The unrepresentative nature of the police profession, its white masculinity, has definitely shaped the nature of policing in the United States and led to the persistence of questionable police styles. Had the police been more representative from early on, they probably would have been less prone to violence and aggressive behavior, more effective in delivering police services, more responsive to communal needs, more humane and understanding, less discriminatory, much closer to the public they serve and much less set in their ways. Patrolwomen, for instance, would have aroused less antagonism, stimulated less fear and provoked less violence.1

The National Advisory Commission on Criminal Justice Standards and Goals (NACCJSG), in its review of police standards, put the matter another way: "to police a minority community with only white police officers can be misinterpreted as an attempt to maintain an unpopular status quo rather than to maintain the civil peace. Clearly the image of an army of occupation is

one that the police must avoid."

The NACCJSG concluded that the way to

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correct this is to create a police force which mirrors the ethnic composition of the population it serves. 3

Equal opportunity efforts are also required by Federal, State, and local regulations. Under Title VII of the 1964 Civil Rights Act, as amended, discrimination in employment by local governments is prohibited.4 Law enforcement agencies that benefit from Federal general revenue sharing funds (as the city of Omaha does) are subject to review by the Office of Revenue Sharing to ensure that there is no discrimination in employment.5 Nebraska's Fair Employment Practices Act provides the possibility of awards of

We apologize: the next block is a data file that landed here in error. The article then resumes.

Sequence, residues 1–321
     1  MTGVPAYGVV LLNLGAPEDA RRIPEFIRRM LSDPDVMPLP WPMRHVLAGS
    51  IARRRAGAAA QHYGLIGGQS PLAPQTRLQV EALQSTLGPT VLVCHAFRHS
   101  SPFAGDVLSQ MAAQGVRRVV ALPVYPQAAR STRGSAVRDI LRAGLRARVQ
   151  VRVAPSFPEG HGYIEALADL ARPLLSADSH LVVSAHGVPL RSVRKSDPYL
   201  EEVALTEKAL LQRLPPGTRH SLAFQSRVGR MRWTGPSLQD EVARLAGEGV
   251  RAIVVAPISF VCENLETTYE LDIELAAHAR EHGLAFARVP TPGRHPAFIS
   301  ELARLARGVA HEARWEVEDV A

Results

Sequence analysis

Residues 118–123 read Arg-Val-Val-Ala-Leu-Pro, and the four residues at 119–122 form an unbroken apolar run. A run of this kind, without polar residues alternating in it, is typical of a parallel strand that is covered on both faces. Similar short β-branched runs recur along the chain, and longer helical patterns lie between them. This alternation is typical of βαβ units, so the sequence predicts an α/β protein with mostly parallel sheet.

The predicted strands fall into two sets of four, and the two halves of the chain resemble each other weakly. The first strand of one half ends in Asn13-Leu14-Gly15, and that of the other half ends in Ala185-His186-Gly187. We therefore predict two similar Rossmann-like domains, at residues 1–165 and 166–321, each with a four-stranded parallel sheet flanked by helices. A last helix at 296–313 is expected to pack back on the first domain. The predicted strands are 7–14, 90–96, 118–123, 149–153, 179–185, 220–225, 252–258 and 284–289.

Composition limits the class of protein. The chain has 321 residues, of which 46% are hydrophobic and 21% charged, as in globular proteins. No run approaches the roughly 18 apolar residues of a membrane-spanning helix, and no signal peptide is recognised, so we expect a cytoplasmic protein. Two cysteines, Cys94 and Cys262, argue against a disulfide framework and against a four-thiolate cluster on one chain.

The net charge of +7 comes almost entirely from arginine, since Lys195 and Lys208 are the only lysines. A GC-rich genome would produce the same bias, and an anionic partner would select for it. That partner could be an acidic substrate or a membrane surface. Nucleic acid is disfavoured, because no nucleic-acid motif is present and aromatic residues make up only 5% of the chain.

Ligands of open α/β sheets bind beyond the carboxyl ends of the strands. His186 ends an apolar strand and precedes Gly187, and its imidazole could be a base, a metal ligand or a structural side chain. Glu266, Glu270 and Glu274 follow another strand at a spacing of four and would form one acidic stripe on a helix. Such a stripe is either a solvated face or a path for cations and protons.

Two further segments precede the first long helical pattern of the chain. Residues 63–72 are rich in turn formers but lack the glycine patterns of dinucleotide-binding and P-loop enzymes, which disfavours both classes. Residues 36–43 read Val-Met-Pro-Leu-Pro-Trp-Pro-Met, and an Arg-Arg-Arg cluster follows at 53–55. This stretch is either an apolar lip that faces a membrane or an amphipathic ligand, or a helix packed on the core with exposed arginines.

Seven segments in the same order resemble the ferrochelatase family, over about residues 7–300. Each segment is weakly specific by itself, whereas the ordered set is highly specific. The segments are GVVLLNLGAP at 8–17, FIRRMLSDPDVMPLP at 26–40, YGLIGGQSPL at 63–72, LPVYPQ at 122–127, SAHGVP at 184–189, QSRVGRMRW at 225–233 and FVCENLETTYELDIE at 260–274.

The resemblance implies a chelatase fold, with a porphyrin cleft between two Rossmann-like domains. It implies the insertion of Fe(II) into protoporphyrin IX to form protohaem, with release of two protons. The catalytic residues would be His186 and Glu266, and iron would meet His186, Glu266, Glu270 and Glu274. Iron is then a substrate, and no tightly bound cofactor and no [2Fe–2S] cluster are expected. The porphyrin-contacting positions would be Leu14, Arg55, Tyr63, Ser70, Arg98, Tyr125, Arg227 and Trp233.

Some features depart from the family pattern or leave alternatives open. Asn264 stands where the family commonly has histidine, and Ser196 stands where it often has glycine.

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pay and reinstatement or hiring to persons who are victims of

:rimination in employment.6

: Recruitment and Selection Efforts

was

A World-Herald article on recruitment included a chart on utilization for period 1972-June 1981 that shows a decline in the number of black officers i 26 in 1972 to 24 in June 1981 (the number reached a high of 28 in )).7 The number of Hispanic officers remained about the same, eight or į, throughout the period. An American Indian officer joined the force in ). The proportion of black officers was about 4.5 percent of the force rughout the period. The proportion of Hispanic officers was about 1.5 :ent of the force throughout the period. 8 The division's total force ed from a high of 578 in 1974 to a low of 538 in June 1981.9 The World-Herald reported that for the 1978 recruit class while 45.7 rent of white male applicants were put on the eligible list for appointment he division, only 23.4 percent of white women, 11.1 percent of black women 7.1 percent of black men applicants were put on the list. It reported as of June 1981 the most recent black male hires occurred in 1974 and (one each); the most recent Hispanic male hires were in 1969 and 1974 each); and the more recent female hires were in 1978 (two). 10 The clip file of the Omaha Public Library shows that in 1964 Monroe nan became the first black police captain.11 In 1965 a special